Measurement Conversions Ratios Unit Analysis Lesson Plan


Ever wondered how to teach measurement conversions in an engaging way to your 6th grade students?

In this lesson plan, students will learn about measurement conversions using ratios and dimensional analysis. Through artistic and interactive guided notes, check for understanding activities, a practice color by number worksheet, and a maze worksheet, students will gain a comprehensive understanding of measurement conversions.

The lesson culminates with a real-life application where students will read and write about real-life uses of unit conversions. Students will explore how measurement conversions are used in everyday situations, making the topic more relatable and applicable to their lives.

Get the Lesson Materials

Measurement Conversions Ratios Guided Notes with Doodles | 6th Grade Sketch

Measurement Conversions Ratios Guided Notes with Doodles | 6th Grade Sketch


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Learning Objectives

After this lesson, students will be able to:

  • Convert measurements between different units using ratios and dimensional analysis

  • Use conversion factors and ratios to accurately convert measurements in customary units

  • Explain real life applications of unit measurement conversions


Before this lesson, students should be familiar with:

  • Knowledge of the basic operations of addition, subtraction, multiplication, and division of whole numbers and decimal numbers

  • Understanding of the concept of equivalent fractions and how to simplify fractions (optional, but helpful)


Key Vocabulary

  • Measurement Conversions

  • Ratios

  • Dimensional Analysis

  • Customary Units



As a hook, ask students why measurement conversions are important in real-life situations. Refer to the last page of the guided notes as well as the FAQs below for ideas.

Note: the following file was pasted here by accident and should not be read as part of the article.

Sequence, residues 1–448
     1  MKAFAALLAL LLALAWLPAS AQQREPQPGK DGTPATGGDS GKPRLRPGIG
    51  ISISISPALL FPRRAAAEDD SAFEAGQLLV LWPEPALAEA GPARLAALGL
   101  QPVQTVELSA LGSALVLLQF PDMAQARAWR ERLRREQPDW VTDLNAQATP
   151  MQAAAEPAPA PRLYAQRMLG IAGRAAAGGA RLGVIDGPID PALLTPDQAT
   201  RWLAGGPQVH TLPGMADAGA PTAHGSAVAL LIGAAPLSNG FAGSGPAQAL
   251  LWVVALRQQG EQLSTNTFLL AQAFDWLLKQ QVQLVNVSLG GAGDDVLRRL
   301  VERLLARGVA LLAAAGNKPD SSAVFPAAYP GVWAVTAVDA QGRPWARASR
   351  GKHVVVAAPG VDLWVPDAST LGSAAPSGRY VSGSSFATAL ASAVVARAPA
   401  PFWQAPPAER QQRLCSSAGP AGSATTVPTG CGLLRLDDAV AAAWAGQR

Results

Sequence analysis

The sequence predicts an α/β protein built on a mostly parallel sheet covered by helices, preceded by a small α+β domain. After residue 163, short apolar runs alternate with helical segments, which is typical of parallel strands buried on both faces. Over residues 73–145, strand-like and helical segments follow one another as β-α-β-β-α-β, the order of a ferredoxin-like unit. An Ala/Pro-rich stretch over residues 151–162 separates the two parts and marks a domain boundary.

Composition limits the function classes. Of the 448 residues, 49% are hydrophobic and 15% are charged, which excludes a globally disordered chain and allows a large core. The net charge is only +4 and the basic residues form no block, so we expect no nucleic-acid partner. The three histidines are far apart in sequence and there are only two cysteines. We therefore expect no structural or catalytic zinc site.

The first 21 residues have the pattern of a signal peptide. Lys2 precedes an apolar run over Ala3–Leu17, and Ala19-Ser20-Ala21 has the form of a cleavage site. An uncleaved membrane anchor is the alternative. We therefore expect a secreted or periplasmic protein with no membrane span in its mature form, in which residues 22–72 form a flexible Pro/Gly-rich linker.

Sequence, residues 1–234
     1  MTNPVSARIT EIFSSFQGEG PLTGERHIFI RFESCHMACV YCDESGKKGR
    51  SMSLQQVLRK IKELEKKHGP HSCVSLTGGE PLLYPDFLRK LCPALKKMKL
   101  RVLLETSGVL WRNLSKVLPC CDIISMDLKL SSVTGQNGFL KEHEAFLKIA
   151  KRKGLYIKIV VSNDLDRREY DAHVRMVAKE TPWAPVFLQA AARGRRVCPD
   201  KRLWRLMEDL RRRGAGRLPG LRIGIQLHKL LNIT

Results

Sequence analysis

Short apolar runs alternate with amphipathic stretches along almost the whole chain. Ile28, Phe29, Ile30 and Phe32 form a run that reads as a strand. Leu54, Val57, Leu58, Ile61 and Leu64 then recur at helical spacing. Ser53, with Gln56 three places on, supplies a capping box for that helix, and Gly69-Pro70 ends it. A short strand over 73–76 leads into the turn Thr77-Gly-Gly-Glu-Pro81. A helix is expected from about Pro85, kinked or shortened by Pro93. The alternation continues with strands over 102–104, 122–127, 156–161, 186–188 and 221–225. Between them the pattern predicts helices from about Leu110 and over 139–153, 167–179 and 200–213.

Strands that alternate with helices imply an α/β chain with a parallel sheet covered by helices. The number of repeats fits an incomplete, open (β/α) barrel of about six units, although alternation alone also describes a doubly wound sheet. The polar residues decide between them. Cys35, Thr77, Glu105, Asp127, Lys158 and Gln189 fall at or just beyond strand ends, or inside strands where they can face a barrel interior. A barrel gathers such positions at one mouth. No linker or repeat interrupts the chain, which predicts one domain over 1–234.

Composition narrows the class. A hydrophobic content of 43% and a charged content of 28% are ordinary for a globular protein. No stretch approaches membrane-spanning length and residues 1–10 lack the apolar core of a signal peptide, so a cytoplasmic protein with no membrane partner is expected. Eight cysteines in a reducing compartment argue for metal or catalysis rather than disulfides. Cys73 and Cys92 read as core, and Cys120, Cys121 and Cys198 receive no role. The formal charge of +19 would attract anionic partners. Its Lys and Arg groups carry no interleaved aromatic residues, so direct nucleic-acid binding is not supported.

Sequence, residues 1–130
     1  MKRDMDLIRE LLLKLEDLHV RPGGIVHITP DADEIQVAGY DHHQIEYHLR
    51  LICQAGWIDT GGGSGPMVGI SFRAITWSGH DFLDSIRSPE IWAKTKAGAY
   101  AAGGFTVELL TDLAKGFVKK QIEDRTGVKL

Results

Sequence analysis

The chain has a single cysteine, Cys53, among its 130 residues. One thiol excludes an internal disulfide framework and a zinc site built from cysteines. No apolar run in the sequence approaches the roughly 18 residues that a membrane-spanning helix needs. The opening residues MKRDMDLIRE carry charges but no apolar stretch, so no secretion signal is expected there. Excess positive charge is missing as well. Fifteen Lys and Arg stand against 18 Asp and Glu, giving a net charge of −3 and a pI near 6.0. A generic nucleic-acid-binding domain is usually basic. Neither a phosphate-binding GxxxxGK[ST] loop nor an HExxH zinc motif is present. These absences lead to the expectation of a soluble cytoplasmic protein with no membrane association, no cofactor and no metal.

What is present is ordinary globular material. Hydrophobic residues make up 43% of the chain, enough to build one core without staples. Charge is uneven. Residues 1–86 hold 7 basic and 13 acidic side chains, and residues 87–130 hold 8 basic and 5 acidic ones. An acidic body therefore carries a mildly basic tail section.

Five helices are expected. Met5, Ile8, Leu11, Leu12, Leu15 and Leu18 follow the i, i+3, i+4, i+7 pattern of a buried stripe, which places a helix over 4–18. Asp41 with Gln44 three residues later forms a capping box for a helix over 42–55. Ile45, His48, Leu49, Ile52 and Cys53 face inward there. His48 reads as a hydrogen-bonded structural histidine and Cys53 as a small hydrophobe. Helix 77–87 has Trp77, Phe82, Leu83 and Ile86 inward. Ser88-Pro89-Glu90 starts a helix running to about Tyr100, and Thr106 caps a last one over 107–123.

Use the first page of guided notes to introduce the concept of measurement conversions using ratios and dimensional analysis. Walk through the key points of how to convert between different units using ratios and conversion factors.

Based on student responses, reteach any concepts that students need extra help with. If your class has a wide range of proficiency levels, you can pull out students for reteaching, and have more advanced students begin working on the practice exercises.


Have students practice measurement conversions using ratios and dimensional analysis using the practice worksheet included in the resource (page 2 of guided notes). Walk around the classroom to answer any questions students may have.

Fast finishers can then work on the additional practice activities provided in the resource, such as the color by code or maze (page 3 and page 4 of guided notes). You can assign these activities as homework for the remainder of the class.

Real-Life Application

Use the last page of the guided notes to bring the class back together, and introduce the concept of real-life applications of unit conversions. Explain to students that unit conversions are not just useful in math class, but they are also used in many real-world scenarios.

Give examples of real-life situations where unit conversions are necessary, such as:

  • Converting miles to kilometers when traveling internationally.

  • Converting temperature from Fahrenheit to Celsius when cooking or baking.

  • Converting currency when traveling to a different country.

  • Converting units of measurement when shopping, such as converting ounces to pounds or gallons to liters.

Encourage students to think about other situations where they may need to use unit conversions in their daily lives.

Refer to the FAQ section of the teaching resource for more ideas on how to incorporate real-life applications of unit conversions into your lesson.


Additional Self-Checking Digital Practice

If you’re looking for digital practice for measurement conversions, try the Pixel Art activity in Google Sheets. Every answer is automatically checked, and correct answers unlock parts of a mystery picture. It’s incredibly fun, and a powerful tool for differentiation.

Here's an activity to explore:


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